the means for simultaneously and synchronously pivoting said plates in opposite directions include manually operated lever means connected to the trunnion projecting from the other side of one of said plates to enable pivoting of said one plate to a desired angular position, and means interconnecting the trunnion to which the lever means is connected with the trunnion projecting from the other side of the other of said plates for imparting pivotal movement thereto of the same angular extent as imparted by the lever means to said one plate, but in the opposite direction.

8. A device as in claim 7 wherein the interconnecting means comprise a first sprocket secured to the trunnion to which the lever means is connected, second and third sprockets pivotally mounted on the structural frame and a fourth sprocket secured to the other trunnion of said other plate, and first and second sprockets being of the same diameter and drivingly interconnected by a chain, said third and fourth sprockets being of the same diameter and drivingly interconnected by a chain, and a pair of meshing spur gears, respectively connected to and rotating on the same axes as the second and third sprockets,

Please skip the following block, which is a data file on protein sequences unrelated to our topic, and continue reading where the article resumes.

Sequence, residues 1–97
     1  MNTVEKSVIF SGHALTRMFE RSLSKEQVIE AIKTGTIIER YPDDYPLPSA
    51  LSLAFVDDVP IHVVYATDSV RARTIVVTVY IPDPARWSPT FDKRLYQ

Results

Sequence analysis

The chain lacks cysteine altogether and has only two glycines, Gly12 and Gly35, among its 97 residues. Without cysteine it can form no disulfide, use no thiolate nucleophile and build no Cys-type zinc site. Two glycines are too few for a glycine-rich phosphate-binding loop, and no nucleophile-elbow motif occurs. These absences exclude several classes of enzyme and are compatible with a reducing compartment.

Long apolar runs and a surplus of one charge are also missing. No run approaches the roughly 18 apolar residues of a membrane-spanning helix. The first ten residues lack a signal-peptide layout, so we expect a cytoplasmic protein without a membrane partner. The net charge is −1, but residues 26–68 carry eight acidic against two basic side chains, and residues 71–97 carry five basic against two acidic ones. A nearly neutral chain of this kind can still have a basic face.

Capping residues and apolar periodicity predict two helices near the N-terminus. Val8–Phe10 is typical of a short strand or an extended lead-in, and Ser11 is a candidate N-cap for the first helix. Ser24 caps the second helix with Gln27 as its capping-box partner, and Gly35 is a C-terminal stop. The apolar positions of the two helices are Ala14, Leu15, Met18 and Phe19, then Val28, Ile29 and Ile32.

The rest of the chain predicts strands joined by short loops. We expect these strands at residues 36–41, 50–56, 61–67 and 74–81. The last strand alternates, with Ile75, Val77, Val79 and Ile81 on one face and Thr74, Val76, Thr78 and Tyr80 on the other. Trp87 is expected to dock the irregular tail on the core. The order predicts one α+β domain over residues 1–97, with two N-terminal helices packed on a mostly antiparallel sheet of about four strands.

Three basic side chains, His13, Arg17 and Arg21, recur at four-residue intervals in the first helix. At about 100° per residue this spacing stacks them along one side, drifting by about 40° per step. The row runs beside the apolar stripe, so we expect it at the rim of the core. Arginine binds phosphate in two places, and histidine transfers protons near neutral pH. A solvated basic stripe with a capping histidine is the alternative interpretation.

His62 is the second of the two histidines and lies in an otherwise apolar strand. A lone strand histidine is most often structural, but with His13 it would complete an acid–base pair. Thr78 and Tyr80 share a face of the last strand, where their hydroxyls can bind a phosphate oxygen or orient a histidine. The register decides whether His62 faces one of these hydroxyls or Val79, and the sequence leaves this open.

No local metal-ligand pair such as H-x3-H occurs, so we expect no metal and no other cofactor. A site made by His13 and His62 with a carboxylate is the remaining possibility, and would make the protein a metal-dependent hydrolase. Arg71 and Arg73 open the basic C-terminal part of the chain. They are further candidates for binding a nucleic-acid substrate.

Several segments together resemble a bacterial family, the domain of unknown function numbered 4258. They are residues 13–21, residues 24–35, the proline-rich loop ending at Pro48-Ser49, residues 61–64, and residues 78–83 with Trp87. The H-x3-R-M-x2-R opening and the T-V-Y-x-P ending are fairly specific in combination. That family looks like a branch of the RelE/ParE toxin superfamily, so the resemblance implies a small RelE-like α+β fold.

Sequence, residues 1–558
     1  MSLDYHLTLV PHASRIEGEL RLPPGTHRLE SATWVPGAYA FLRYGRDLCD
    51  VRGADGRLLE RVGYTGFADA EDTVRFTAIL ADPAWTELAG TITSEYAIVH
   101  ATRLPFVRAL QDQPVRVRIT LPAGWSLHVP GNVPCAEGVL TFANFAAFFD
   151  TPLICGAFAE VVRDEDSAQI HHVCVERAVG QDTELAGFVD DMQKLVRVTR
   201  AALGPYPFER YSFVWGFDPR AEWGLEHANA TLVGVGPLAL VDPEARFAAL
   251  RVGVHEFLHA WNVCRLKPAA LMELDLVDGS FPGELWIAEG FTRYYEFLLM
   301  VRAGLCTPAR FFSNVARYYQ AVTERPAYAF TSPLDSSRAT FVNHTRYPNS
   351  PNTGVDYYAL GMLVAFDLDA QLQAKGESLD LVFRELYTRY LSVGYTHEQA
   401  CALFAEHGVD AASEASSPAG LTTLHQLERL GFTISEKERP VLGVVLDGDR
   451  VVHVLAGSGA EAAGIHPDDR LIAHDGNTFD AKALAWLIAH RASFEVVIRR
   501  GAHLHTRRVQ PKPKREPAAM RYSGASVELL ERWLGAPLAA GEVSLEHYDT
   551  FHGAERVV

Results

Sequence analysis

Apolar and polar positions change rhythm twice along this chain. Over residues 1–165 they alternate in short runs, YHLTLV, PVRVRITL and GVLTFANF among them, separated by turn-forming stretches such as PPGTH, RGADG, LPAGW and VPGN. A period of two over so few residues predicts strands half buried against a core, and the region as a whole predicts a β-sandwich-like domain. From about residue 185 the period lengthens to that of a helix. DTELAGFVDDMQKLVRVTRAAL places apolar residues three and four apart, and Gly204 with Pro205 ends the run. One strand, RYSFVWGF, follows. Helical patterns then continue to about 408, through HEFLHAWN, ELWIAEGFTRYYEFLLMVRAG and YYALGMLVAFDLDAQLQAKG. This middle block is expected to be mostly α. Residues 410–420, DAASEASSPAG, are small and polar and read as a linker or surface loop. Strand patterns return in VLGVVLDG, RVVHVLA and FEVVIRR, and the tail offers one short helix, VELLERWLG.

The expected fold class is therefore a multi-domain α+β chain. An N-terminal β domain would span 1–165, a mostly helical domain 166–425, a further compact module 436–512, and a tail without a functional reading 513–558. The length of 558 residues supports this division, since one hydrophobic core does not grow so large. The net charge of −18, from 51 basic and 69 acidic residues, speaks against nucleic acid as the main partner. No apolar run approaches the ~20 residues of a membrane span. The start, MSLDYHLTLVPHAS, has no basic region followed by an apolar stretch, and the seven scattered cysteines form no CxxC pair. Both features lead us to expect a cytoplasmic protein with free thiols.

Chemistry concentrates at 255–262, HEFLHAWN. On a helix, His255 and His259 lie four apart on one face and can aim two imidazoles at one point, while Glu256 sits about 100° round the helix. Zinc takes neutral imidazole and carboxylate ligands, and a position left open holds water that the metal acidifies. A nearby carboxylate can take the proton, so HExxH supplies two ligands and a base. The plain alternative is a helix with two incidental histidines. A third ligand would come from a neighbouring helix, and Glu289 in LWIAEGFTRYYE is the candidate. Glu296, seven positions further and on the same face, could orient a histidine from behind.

and further wherein
a bevel gear is journaled on one trunnion of each plate and also on the upright on one side of the structural frame, providing for rotation of the bevel gear and pivoting of said one trunnion relative to said uprights,
a rotary power source is mounted on the structural frame and drivingly connected to the bevel gear journaled on the trunnion of one of said plates,
means are provided for driving the bevel gear on the trunnion of the other of said plates in the direction opposite the direction the gear on the trunnion of the first plate is driven, and
the gears of each plate to which a drive input is provided are mounted on the upper sides of their respective plates and have shaft means journaled on the plates and connected to second bevel gears beneath the plates which mesh respectively with the said first bevel gears thereby providing the means for synchronously moving both of the weight means between extreme outward positions and extreme inward positions.
Referenced Cited
U.S. Patent Documents
3433311 March 1969 Lebelle
Foreign Patent Documents
448658 August 1927 DE2
882939 November 1961 GBX
Patent History
Patent number: 4280368
Type: Grant
Filed: Oct 29, 1979
Date of Patent: Jul 28, 1981
Inventor: Howard M. Woltering (Foster, KY)
Primary Examiner: Lawrence J. Staab
Attorney: Edmund S. Lee, III
Application Number: 6/89,605
Classifications
Current U.S. Class: Unbalanced Weights (74/61); Stroke Adjustable To Zero And/or Reversible In Phasing (74/831)
International Classification: B06B 116; B65G 2720;